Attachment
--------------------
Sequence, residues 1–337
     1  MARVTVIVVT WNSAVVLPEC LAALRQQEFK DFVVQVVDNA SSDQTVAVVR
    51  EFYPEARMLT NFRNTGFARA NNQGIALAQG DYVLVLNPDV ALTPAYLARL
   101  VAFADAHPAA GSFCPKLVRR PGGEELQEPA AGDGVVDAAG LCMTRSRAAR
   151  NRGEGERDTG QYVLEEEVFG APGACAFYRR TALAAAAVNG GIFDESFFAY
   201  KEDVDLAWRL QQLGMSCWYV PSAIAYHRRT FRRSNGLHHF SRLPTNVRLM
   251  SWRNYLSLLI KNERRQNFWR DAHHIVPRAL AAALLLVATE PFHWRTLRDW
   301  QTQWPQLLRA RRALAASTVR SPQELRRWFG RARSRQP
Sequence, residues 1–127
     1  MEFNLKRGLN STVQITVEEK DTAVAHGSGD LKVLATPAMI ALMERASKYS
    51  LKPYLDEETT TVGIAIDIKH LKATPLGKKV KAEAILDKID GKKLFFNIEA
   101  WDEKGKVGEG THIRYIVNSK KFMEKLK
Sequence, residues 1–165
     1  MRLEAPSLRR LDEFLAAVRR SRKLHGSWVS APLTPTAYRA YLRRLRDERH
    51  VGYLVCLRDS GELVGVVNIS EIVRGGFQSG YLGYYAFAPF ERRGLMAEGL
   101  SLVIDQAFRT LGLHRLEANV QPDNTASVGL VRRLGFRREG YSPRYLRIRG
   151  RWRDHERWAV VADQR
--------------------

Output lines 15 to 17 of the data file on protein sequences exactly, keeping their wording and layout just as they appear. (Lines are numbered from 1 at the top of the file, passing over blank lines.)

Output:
    51  VGYLVCLRDS GELVGVVNIS EIVRGGFQSG YLGYYAFAPF ERRGLMAEGL
   101  SLVIDQAFRT LGLHRLEANV QPDNTASVGL VRRLGFRREG YSPRYLRIRG
   151  RWRDHERWAV VADQR